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U.S. reports more than 126,000 coronavirus cases for second day, fourth straight record as virus surges nationwide

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The United States reported more than 126,000 new cases of the coronavirus two days in a row, as medical experts warn that the outbreak is worsening across the country and could lead to a devastating winter.

The nation recorded 126,480 cases on Friday and 126,742 cases on Saturday. The U.S. has now reported a new record one-day spike in cases everyday over the past four days, according to data compiled by Johns Hopkins University.

Over the past seven days, the country has reported an average of more than 103,800 new cases as of Saturday, up over 30% compared with a week ago, according to a CNBC analysis of data from Hopkins.

It’s not just cases that are rising; 19 states reported a record-high number of people currently hospitalized with Covid-19, based on a seven-day average, according to a CNBC analysis of data compiled by the Covid Tracking Project, which is run by journalists at The Atlantic.

The average number of people currently hospitalized with Covid-19 is up by at least 5% in 38 states, according to CNBC’s analysis of Covid Tracking Project’s data.

The surge in new cases and hospitalizations are prompting officials in some states and cities to roll out new restrictions, though they’re not nearly as severe as the lockdown measures implemented in March and April. The governor of Connecticut last week rolled back the state’s reopening amid early signs of an expanding outbreak. In Massachusetts, the governor has imposed a curfew on some businesses and asked residents to remain home between 10 p.m. and 5 a.m.

In El Paso, Texas, County Judge Ricardo Samaniego ordered the closure of all nonessential businesses as hospitals there were beginning to get overwhelmed by the rise in Covid-19 patients. And Illinois Gov. J.B. Pritzker rolled out new restrictions on businesses in Chicago and some surrounding counties amid a rise in cases there.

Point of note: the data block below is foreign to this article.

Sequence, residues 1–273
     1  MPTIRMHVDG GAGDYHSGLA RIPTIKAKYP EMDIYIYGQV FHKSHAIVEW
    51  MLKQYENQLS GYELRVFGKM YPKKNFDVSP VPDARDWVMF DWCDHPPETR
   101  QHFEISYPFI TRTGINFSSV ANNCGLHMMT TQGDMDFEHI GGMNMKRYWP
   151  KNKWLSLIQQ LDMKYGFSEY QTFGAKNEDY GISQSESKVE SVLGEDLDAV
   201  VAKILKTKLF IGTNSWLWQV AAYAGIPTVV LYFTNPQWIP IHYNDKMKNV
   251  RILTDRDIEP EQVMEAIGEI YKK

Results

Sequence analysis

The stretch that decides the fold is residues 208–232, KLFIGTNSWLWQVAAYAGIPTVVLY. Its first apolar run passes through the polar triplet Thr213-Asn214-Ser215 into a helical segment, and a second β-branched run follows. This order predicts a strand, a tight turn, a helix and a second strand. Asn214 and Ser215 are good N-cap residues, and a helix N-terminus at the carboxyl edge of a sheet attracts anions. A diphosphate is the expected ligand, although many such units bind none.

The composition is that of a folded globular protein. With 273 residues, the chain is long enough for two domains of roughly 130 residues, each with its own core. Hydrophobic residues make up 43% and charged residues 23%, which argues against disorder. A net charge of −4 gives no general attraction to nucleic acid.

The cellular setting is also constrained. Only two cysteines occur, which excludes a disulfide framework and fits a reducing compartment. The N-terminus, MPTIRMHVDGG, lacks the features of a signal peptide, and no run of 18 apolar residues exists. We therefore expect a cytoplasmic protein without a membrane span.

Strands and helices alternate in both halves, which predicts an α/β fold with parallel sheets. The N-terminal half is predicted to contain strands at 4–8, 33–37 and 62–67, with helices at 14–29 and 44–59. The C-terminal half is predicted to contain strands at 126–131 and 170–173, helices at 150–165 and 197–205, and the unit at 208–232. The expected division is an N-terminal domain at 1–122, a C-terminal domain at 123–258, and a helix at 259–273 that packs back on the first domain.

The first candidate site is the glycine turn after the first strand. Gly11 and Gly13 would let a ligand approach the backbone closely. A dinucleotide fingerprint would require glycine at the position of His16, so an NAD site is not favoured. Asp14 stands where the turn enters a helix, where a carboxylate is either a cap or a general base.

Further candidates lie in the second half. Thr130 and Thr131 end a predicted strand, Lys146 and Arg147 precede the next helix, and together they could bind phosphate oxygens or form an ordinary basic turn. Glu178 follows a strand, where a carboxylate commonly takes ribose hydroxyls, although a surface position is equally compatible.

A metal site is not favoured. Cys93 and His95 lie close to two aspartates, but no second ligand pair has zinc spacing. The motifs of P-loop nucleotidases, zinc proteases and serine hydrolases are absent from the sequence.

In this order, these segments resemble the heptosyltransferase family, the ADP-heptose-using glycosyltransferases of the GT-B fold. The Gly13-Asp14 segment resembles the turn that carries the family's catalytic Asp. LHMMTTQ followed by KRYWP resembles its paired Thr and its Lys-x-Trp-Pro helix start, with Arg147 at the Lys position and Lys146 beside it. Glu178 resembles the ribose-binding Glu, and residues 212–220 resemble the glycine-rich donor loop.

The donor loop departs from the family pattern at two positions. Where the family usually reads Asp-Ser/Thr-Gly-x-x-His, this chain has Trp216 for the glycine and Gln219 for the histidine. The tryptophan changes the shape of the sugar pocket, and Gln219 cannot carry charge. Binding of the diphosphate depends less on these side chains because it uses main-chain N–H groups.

Epidemiologists and medical experts are warning that the dynamics of this phase of the pandemic are different from what the country experienced in the spring and summer. Whereas earlier in the pandemic, the virus was spreading in certain parts of the country, it’s now spreading rapidly in nearly every community across the country, Christine Peterson, an epidemiologist at the University of Iowa, said in a phone interview.

“It’s going to be bad and I think it’s going to be bad in a different way, because instead of having these pictures of morgue trucks and densely populated areas with a lot of patients, this is going to be lots of smaller places,” she said. “So it’s going to be harder to see the obvious impact because it’s so spread out in these really small town hospitals, but they’re really going to be struggling.”

In the spring, the virus spread most widely in the New York City-area as well as in a handful of other cities. In the summer, it spread most rapidly across the so-called Sun Belt. But now, data from Hopkins shows that adjusted for population, the virus is spreading most rapidly across the American heartland, such as the Dakotas, Wisconsin and Iowa.

Remote health systems in these areas might find themselves more easily overwhelmed by an influx of Covid-19 patients than medical centers in big cities, Peterson said. She added that while doctors have learned a lot about how to effectively treat Covid-19 patients, that doesn’t mean every doctor is equipped to do so.

“The thing to remember is doctors, as a population, have learned how to treat this better, but that doesn’t mean that the doctor in northeastern Iowa has seen this disease,” she said. “They’re seeing it now; they didn’t see it in March.”

Dr. Megan Ranney, an emergency physician and director of the Brown Lifespan Center for Digital Health, said in an interview with CNBC that “the worst days of the pandemic are almost certainly still ahead of us.”

She said maintaining a strong health-care workforce will be a real challenge in the months ahead. The country still has a limited supply of personal protective equipment like masks and medical gowns that protect health workers against infection, she said. Not to mention, doctors and nurses are increasingly exhausted by the relentless surge of new Covid-19 patients, she added.

“Whereas in those early phases, we were able to direct some extra resources to the places that were hardest hit, now, we are watching it spread everywhere so that every American is at risk but also every hospital and every health-care system is getting stressed out,” she said.

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